On Thursday February 27, the participants of the 2014 Art Lives here programs were announced by Joe’s Movement executive director Brooke Kidd at Urban Eats in Mount Rainier, MD. Kidd introduced artists Tamara Wellons, Becky Boland, Artis Moon Amarche and Greg Slade who spoke about their individual projects.
Tamara Wellons’ powerful acapella gave the audience a brief teaser of what crowds could expect from her upcoming performances. Next, artist Becky Boland discussed her proposed “guerilla seed” project which seeks to beautify vacant lots along Route One with various flowers and plants.
Artis Moon Amarché discussed the interactive quality of her structured improvisation program which will take place at several locations through the Gateway Arts district this summer.
Lastly, painter Greg Slade, a Mount Rainier native, will offer workshops for youth and seniors at the Brentwood Arts Exchange. Slade will then gather the artwork produced in these classes and create an arts installation that will simultaneously compile and juxtapose the work of students from opposite sides of the demographic pyramid.
Also in attendance were Gateway CDC executive director Carole Bernard, Hyattsville CDC’s economic development coordinator Justin Fair, Brentwood Arts Exchange acting director Phil Davis and Art Lives Here project manager Neena Narayanan.
Art Lives Here is funded in part by an ArtPlace America grant , the same organization that funded Deanwood X Design and LUMEN8ANACOSTIA in 2012 via the DC Office of Planning. Other Art Lives Here participating organizations include the MNCPPC, the Gateway CDC, Joe’s Movement, Red Dirt Studios, the Mount Rainier Business Association, the Prince George’s African American Museum and the Prince George’s Arts council.
Here is the full list of grant recipients and their proposed artistic programming (descriptions courtesy Art Lives Here):
Visual Artist Kenny George seeks to “connect the residential history of the Mt. Rainier neighborhood to it’s current state while addressing values of craftsmanship, pride in ones home as an expression of their successes” through his repurposed Americana-style “functional and aesthetic objects that make use of traditional and contemporary building materials” from the likes of local favorite, Community Forklift. George’s work will be on display at the Mount Rainier Better Block on April 25th.
Lesole’s Dance Project (LDP) is a “professional dance company grounded in Southern African heritage who uses innovative choreography and an indigenous/contemporary movement vernacular to engage cultural exchange through touring, education and performance.” LDP will create a series of community engagement opportunities leading up to, during, and after Mount Rainier’s Better Block on April 25th including dance and drumming workshops, a parade, and local music by Adinkra Cultural Arts Studio.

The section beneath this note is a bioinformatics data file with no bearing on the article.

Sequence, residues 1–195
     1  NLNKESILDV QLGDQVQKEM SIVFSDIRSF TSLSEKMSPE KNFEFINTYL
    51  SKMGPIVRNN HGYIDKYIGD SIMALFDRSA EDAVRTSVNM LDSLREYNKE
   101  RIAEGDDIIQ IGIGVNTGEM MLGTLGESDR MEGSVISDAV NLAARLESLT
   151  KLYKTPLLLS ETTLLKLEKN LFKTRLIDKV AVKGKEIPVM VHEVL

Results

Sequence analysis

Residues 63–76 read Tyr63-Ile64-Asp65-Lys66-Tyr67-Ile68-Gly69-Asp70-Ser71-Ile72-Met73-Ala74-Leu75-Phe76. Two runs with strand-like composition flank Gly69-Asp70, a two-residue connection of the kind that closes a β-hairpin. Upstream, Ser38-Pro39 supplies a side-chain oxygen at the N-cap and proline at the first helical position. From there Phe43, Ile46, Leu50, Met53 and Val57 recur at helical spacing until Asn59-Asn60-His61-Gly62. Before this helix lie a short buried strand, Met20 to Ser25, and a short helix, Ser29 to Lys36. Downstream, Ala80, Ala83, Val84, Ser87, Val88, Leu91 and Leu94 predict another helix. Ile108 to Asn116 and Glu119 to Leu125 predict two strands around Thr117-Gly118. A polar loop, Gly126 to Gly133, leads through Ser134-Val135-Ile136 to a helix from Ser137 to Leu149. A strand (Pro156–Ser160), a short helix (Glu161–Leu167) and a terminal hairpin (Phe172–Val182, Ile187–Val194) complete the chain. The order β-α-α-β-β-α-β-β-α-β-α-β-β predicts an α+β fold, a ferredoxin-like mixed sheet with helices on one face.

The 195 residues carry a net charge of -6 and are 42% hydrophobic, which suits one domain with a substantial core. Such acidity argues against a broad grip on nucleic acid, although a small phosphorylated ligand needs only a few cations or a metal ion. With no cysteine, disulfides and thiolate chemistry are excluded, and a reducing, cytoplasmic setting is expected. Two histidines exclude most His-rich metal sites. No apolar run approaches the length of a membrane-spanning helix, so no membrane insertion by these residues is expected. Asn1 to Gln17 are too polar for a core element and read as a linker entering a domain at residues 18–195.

Mount Rainier local photographer and environmentalist Krista Schlyer seeks to change a community’s sense of, and responsibility for, the place we call home on the Anacostia watershed. Through a series of pop-up gallery shows and educational artists talks around her striking photographs of the plant and animal life in and around the Anacosita watershed, Schlyer hopes to grow the heart of the community to begin, through knowledge and understanding, to take actions to heal the damage done by pollution and neglect of this ecological asset. This traveling exhibition opens at 39th Street Gallery in March.
Daydreams + Nightmares Aerial Theatre (DNA Theatre) demystifies and invites the community to experience the magic of aerial dance through The Aerial Experience. On May 10th during the Gateway Arts Districts Open Studios Tour DNA Theatre artists will rig Joe’s Movement Emporium to give anyone of all ages a chance to fly whether 8 or 80.
Dance a Home is a daring new project organized by Maida Withers Dance Construction Company’s team of improvisers and choreographers. Using the “homes tour” concept as a jumping off point, the Dance a Home project seeks to reconstruct the idea of place by bringing the artistic experience into the home, whether the home of your average citizen or an elected official. Dance a Home will take place during the spring, the community will be solicited through a lottery process to host a dinner party during which a Dance a Home choreographer will create an improvisational, audience integrated piece.
Red Dirt resident artist and Art Works Now arts education instructor Leslie Holt creates meaning within the mundane with her Laundry List project. Spring workshops Saturday afternoons will invite Bunker Hill Laundromat customers to take some time during their wash or dry cycle to pause, consider and create. By inviting customers to turn their “laundry list” or to-do list into poems and inscribe/illustrate them on a laundry bag, Holt seeks to activate a space meant for chores with creative energy. Images and poems generated from the workshops will inspire a final permanent piece to be installed in the Laundromat come fall.
On May 3rd singer, songwriter, performer, and educator Tamara Wellons will fill the Gateway Arts District with her “hypnotic blend of soul, jazz and soulful house varieties” with six hours of continuous half hour performances throughout local beauty and barber shops. This pop-up performance series, Beauty Built on Love, is meant to spread the concepts of “embracing love, celebrating each other, and being confident in who you are” and includes a give-away card that allows customers to download Wellons most recent album.
Improv Arts, Inc. will bring “Acts of Arriving” to Mount Rainier, a multisite project that invites individuals to “reflect on their connection to place by exploring the questions ‘Where are you from?’ and ‘Where are you now?’ through movement, music, text, visual art, and video.” This two-part experience will begin with a spring workshop of drop-in activities including the creation of a neighborhood map, group dance sessions, and an aspiration wall for the community, plus interviews about connection to place. The second part pulls together the creative collateral from the first for an interactive performance that gives audiences a better “understanding of place, connection, and community.”